Last Updated on September 12, 2022 by Ben Oakley
Writers love to ask questions on Twitter – the same questions, over and over! Here’s a list of the most asked questions by writers on Twitter.
A lot of these questions have been asked since the early days of publishing. However, they’re becoming so commonly asked by writers on Twitter and other forums that you must wonder if some people have ever searched for anything on Google ever.
This is more of a fun post, so if you’re reading this, try not to take it too seriously!
It’s not about the questions themselves, it’s about how regularly they appear on Twitter, regardless of when the question was posted last, in some cases within minutes of each other.
Interaction is good, helpful, and can aid in learning more about the craft.
Repetitive interaction – answering or asking the same question 150 zillion times – can be counter-intuitive, time-consuming, anti-productive, and almost comical in its consistency.
Okay, so it’s not just writers and authors, every industry tends to drop similar questions day in and day out.
The real questions here are:
- When does repetitiveness become a by-product of laziness?
- Does asking the same question mean you get good interaction?
- Should interaction be measured in quantity or quality?
I have no answers – but I do have questions! Let’s get to it.
Here are some of the most asked questions posted by writers and authors on Twitter. In no particular order!
Repetitive questions asked by writers on Twitter
- Plotter or Pantser?
- Anyone use Facebook?
- Do you let your friends and family read your work?
- How do you choose your title?
- Someone left me a bad review, what do I do?
- Do you have multiple WIPS?
- Why did you start writing?
- Why do you write?
- How to overcome writer’s block?
- What motivates you to write?
- Where do your ideas come from?
- Is writing a real job?
- Why do you self-publish and not get properly published?
- Do you use ghost writers?
- How to get reviews for my book?
- Do you put friend’s names in your book?
- How many books have you written?
- How many words do you write in an hour?
- How long is your first draft?
- How many drafts until you publish?
- Would you like to see you book turned into a film?
- Where does your story take place?
- How did you come up with your character’s name?
- What’s an MC?
- What does your MC eat?
- Do you like my book cover?
- How long have you been writing?
- Do you use your real name or a pen name?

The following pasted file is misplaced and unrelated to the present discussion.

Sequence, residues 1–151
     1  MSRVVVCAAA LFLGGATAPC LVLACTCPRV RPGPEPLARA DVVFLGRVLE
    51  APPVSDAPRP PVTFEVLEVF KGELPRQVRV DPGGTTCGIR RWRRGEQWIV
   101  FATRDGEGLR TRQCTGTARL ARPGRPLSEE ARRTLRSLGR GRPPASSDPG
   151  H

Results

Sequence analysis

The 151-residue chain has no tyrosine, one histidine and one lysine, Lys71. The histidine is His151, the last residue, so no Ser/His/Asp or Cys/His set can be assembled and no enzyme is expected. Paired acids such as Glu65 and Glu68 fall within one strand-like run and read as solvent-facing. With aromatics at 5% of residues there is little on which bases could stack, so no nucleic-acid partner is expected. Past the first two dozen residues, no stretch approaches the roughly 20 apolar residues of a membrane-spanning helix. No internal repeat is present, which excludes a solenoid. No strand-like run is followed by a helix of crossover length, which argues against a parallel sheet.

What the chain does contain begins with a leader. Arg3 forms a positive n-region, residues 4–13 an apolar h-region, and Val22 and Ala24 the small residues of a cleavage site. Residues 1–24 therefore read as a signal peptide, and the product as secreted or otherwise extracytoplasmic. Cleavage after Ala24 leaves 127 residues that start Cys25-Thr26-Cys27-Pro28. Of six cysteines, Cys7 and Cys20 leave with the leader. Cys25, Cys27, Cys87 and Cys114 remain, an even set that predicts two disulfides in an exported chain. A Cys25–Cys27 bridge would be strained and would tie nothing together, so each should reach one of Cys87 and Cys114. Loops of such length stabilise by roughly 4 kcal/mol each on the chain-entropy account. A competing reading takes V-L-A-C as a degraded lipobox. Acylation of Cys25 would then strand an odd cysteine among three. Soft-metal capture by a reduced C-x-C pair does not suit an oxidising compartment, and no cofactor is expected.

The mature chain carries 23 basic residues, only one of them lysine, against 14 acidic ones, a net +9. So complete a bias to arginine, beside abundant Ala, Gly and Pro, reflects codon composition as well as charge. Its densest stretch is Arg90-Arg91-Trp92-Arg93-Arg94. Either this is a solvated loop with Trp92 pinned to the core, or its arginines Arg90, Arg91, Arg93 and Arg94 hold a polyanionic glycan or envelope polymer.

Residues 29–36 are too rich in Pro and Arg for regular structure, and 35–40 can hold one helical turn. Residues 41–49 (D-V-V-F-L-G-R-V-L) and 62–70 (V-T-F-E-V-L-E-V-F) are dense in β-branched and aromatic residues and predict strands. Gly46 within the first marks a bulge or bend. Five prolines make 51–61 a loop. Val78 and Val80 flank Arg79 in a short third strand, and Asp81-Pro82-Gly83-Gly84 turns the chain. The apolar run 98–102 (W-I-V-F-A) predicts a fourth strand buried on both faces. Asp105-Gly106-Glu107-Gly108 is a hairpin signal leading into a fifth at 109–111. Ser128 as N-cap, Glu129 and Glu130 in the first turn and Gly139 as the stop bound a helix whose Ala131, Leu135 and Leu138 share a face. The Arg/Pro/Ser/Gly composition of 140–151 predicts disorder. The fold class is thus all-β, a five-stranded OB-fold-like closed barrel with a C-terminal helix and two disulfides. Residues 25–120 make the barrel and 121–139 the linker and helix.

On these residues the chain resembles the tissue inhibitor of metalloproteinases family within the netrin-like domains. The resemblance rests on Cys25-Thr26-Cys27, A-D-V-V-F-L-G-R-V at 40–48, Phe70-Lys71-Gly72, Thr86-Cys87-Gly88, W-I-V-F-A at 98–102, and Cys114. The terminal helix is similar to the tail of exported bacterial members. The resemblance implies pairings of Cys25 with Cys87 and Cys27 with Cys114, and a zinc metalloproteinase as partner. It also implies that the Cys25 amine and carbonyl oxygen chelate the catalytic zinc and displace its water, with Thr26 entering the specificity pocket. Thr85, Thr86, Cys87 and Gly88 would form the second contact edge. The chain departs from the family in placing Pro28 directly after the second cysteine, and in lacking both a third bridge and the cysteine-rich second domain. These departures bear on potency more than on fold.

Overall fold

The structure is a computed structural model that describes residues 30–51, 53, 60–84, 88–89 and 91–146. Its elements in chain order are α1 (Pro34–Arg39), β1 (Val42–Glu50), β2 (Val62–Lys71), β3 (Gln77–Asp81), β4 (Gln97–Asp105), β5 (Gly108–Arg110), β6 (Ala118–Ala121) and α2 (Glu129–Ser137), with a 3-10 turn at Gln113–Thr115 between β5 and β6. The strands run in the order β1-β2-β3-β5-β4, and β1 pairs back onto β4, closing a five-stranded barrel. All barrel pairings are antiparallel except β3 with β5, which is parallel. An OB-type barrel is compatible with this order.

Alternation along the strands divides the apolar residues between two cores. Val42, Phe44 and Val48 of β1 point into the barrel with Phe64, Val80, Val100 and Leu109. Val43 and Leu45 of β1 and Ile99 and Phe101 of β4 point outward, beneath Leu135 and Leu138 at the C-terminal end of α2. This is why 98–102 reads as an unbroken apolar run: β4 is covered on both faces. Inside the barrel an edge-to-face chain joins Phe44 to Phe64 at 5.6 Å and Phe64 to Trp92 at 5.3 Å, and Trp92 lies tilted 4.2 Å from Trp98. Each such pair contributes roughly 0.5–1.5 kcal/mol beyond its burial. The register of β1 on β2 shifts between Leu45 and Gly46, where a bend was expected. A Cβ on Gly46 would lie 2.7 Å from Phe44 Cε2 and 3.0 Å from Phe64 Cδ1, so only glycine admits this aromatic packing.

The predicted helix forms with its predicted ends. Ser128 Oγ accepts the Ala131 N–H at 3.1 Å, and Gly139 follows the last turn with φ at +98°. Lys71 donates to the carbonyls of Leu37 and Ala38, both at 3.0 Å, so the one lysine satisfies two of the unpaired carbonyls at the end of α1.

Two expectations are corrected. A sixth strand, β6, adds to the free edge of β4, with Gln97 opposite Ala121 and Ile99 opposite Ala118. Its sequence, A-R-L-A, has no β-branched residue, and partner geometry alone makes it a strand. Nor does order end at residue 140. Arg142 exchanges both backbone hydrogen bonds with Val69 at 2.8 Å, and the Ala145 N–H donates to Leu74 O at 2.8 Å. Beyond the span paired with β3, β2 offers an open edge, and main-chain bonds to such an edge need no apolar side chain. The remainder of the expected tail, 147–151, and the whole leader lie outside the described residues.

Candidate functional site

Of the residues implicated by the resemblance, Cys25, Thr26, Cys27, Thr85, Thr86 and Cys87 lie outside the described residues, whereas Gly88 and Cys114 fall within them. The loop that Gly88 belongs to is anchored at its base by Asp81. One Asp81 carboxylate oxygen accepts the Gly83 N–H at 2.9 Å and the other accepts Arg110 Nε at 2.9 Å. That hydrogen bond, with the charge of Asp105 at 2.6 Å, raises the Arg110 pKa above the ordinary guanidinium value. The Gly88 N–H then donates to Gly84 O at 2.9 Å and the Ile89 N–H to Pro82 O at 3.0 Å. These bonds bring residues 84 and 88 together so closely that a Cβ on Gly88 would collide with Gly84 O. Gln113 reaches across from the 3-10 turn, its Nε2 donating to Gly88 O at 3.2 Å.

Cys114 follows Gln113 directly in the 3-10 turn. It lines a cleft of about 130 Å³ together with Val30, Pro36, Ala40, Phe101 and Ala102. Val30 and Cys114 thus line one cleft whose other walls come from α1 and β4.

- What word count is normal?
- What time do you write?
- I’ve written a book, what do I do now?
- What flaws does your MC have?
- How many authors in the #writingcommunity?
- Tell me about your favourite character?
- How long to get traditionally published?
- What’s a book agent?
- Should my story be a series or one novel?
- Do you use Microsoft Office?
- Should I publish to Kindle?
- Where do you publish your books?
- What genre do you write in?
- How much money do you make?
- How to write dialogue?
- Who needs a writer’s lift?
- What book should I read next?
- Do men read books?
- How tall are you?
- Does your MC go to the toilet?
What to do and ask instead?
Just a thought, instead of technically spamming Twitter and people’s feeds with the same mundane, repetitive, and bizarre questioning, how about getting creative!
- Share other people’s content.
- Search the questions you want to ask!
- Give your thoughts and opinions.
- Share you blog posts.
- Share your articles.
- Give advice and tips.
- Complete your profile properly.
- Show people behind the scenes!
- Share some quotes.
- Add images or GIFS.
- Go live if it works for you.
- Don’t plead for followers.
- Market yourself and your writing.
- Create personal lists.
- Don’t take social media too seriously.
- Stay out of arguments.
- Interact in the right places.
There are a million-and-one ways to use Twitter and interact without coming across as spammy or amateur.
As a writer, and for anyone in business (because writing can be a business), it’s important to put your best foot forward.
If you want to post one of the most asked questions by writers to Twitter, then go right ahead, you never know, you could get the answer you’re looking for!